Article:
“Remote workers are looking for a variety of places and experiences in the world that offer comfort, functionality and well-being. In this sense, we have observed, on the one hand, how the Digital Nomads law is already part of the conversation as a talent attraction and retention strategy. Forward-thinking companies may see this regulation as a benefit for remote workers. On the other hand, the pioneering players in the real estate sector are not only reviewing their economic models, but also preparing themselves with flexible and innovative legal, financial and technological approaches to be able to meet the particular requirements of the market they are going to encounter. receive,” Cortés added.

Work ecosystems: the role of each real estate sector

Experts point out that the development of working ecosystems can occur in any geographic area of ​​Costa Rica that has the right mix of tourist attractions, access to cutting-edge technology, and communities around people’s interests. specific hobbies.

“A fundamental factor for the real estate sector to articulate under the modality of the ecosystem is that it forgets the “machote”. Each player’s business model should provide for flexible, perhaps short-term, contracts for spaces where people can live, work and play. For this, leveraging technology with international payment platforms or solutions like Airbnb will be essential. Each owner must design their space as a service, under a non-traditional structure. Thus, we anticipate that the legal and accounting configurations will expand and impact other laws and regulations in the future; and in favor of attracting digital nomads,” Cortés said.

Office sector

As people shift to balance office, home, and third places, the office will continue to be a fundamental driver of culture, learning, and personal life. Plug and play workspaces in interesting places with all the tools: screens, ergonomic furniture, high-speed internet, among others, will be more competitive.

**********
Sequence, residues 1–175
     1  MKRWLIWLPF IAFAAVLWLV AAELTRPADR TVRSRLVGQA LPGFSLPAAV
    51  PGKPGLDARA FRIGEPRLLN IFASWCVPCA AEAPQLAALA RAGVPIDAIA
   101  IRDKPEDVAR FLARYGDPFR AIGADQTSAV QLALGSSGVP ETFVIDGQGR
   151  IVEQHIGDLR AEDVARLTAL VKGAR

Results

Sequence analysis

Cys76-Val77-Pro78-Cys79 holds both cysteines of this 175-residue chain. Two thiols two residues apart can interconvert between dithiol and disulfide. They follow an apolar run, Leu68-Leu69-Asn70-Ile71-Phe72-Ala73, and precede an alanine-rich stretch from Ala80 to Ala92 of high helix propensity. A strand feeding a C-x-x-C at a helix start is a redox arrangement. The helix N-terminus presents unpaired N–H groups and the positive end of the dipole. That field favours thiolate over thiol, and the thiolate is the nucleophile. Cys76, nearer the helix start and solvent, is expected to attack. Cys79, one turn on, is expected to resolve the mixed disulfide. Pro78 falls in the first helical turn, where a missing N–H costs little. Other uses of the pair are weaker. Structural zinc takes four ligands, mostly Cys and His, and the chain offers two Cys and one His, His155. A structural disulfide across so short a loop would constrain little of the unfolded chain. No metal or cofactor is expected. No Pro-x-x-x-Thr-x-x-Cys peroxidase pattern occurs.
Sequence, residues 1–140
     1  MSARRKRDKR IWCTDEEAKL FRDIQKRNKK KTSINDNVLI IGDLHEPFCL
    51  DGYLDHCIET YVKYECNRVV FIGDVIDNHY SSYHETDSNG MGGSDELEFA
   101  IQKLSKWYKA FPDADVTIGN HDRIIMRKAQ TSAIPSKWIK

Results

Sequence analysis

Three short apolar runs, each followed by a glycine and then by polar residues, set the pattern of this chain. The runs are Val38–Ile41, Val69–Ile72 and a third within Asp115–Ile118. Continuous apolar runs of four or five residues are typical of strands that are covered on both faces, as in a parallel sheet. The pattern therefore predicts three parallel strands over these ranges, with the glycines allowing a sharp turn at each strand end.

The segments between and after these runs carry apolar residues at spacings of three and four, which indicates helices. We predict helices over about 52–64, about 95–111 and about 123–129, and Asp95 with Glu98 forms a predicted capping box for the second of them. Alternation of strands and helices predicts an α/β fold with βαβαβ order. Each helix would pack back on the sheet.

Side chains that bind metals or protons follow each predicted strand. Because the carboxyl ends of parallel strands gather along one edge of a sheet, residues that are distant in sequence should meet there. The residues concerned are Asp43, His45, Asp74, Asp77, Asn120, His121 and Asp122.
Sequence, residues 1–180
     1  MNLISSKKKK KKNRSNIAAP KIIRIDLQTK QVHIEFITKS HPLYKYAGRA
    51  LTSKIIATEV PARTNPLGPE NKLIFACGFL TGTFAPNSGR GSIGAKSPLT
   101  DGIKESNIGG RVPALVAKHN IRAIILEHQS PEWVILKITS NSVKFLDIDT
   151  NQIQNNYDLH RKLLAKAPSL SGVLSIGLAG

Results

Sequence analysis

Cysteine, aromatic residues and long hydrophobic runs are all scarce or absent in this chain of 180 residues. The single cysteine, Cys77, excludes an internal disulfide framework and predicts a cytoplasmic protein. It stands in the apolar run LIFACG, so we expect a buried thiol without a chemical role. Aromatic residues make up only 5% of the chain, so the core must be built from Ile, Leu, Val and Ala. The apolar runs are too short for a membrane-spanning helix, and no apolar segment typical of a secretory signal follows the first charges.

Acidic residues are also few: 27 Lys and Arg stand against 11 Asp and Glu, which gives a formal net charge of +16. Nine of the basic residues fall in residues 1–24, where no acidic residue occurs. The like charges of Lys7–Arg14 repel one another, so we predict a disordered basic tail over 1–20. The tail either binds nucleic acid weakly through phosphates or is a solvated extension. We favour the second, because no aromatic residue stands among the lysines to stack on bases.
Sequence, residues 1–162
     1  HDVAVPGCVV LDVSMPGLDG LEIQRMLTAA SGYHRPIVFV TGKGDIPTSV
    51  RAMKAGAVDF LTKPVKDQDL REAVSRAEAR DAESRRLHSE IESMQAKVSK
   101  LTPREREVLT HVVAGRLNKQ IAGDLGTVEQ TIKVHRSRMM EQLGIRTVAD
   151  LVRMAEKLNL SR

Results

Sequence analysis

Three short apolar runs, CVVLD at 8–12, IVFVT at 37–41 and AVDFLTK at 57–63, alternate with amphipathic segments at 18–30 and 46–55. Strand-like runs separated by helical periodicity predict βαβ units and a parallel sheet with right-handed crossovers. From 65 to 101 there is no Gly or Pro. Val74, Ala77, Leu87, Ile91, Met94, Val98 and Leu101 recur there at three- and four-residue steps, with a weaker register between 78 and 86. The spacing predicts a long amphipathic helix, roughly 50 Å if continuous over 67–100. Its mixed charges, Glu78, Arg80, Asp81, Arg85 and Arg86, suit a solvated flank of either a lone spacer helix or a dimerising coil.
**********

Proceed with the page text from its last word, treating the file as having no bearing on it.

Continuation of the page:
Hotel sector

For this sector, the strategy of attracting digital nomads can represent an interesting component of post-pandemic recovery. The hotels that will succeed will be those that have the capacity to attract this floating population that thinks not only of pleasure and amusement, but also of medium-term housing and the place of work: a hybrid in the manner of a corporate hotel, with differentiated equipment for this market.


Housing sector

The housing sector should generate more openness to digital platforms, legal advice for medium-term contracts and accounting to prepare for non-traditional payment methods. For example, landlords who own a real estate portfolio can offer different in-country mobility options for digital nomads under a membership system, as an alternative to the typical housing rental contract.

“As always, the recommendation is to seek real estate, legal and financial advisors who accompany you with the knowledge and vision to act quickly and adapt to the new type of demand that digital nomads will generate,” Cortés concluded.

resonance, coworking Costa Rica
At Resonance, we aspire to live in harmony with the natural world as a reflection of our gratitude for life. We co-create an inspired and integrative community committed to working, living and learning together. We resonate with this deep desire to belong in the hive and the desire to live the highest version of ourselves in service.